“Because it’s more informal, the style of communication changed. People are more vulnerable in informal channels. People connect more emotionally,” he notes.
Alternative spaces for online student communication emerge for myriad reasons. Sometimes educators set them up themselves, hoping to cut through internal bureaucracy and lengthy processes for formal channels. Other times learners might prefer them over clunky forums that lack the functionality they need: like threaded chats, or the ability to establish private working groups. Or, they may simply prefer a tool they’re already familiar with, that’s easily accessible on their devices, and that they’ve already incorporated into daily living.
Sometimes it’s because learners are looking for a private place to vent, to share relevant articles, or to veer off topic on a niche that really interests them. Others want to share tips on exams. Others want to campaign for a change in deadline.
“The life of any community happens mostly in the informal space,” says Hannes.
He continues: “For me, it’s part of what’s tough about the move to remote. Informal is easier in person. Because we’re all online, the need to ensure that we can support those informal channels becomes all the more highlighted.”
The benefits of informal student communication methods
But embracing informal student communication methods can be a tricky pill to swallow. With issues of data protection at stake, questions of compliance, and the idea of unregulated learning spaces potentially running rogue, it can be an uncomfortable balance.
Let’s imagine an online MBA that’s run through a prestigious US university. Learners are divided into groups for an assignment. Some enjoyed collaborating together so much that they continued for the duration of the program.
They form a WhatsApp group where they share resources, ask and answer each other’s questions and prepare for their assessments. The group becomes a valuable tool, and members add their classmates until eventually, the group grows to include the bulk of the class. It becomes a pivotal space for learning and support. Then two learners have a falling out. One is a group admin and kicks the other off of the group. They miss out on further opportunities for peer learning and complain to the university.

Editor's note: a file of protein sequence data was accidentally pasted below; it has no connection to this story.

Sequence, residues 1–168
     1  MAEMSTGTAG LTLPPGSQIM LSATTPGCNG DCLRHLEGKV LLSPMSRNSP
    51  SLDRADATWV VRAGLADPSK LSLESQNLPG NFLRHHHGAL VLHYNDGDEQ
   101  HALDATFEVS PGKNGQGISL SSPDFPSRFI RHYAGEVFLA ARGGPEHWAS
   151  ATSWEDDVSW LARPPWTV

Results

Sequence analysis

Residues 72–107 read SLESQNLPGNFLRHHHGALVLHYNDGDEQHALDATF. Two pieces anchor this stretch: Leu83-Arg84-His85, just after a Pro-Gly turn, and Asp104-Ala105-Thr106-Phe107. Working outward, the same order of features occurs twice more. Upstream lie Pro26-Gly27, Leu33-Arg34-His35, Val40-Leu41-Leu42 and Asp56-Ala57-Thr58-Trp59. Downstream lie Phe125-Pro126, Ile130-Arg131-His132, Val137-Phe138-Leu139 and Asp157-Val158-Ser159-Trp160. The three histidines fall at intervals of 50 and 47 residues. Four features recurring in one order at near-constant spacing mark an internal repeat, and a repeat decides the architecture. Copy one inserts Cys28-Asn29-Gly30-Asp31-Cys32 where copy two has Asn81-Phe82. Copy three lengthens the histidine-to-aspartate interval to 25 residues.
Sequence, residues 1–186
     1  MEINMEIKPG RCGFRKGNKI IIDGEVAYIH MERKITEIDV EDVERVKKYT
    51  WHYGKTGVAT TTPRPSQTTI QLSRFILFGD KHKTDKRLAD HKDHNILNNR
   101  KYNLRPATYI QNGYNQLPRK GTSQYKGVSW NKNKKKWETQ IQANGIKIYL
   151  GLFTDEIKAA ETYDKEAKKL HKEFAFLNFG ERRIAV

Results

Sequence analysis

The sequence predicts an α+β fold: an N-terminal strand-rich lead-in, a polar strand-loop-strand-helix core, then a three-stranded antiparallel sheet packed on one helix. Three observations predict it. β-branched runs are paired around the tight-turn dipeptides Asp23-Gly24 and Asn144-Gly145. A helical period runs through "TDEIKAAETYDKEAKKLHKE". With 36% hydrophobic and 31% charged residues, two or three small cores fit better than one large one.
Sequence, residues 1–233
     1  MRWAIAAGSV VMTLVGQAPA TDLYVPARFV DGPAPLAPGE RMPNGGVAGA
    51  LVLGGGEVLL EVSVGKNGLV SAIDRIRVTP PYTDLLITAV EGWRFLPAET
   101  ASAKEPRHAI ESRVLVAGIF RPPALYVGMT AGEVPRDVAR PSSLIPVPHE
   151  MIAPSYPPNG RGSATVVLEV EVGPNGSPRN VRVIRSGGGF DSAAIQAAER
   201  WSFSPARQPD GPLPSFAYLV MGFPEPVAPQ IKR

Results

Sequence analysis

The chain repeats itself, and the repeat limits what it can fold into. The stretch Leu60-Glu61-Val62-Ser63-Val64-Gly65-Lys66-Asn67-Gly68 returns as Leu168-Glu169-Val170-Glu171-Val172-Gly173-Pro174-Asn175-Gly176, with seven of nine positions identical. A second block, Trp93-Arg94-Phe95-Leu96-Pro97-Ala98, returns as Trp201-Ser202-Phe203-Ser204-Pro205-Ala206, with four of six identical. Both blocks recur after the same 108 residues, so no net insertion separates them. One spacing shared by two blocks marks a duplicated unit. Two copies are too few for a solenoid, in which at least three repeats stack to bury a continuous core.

With scenarios like this in mind, it’s easy to understand why institutions might be nervous about what they cannot control for, particularly given WhatsApp’s latest update, which gives group admins power to moderate activities. “The informal creates all sorts of other social dynamics. The formal allows you to drive more hierarchical compliance,” says Hannes.
This discomfort isn’t unfamiliar to Hannes. As a business leader, it’s tempting to call for compliance within the workplace. Reflecting on the Hubble Studios team’s shift to using Slack as a tool for informal engagement and collaboration, Hannes shares: “I could look at this new informal channel and say one of two things: ‘We’re at work. I need you to comply with the tools we use here.’ Or I could say: ‘Wow, people are socializing, collaborating, and being productive using this tool.’”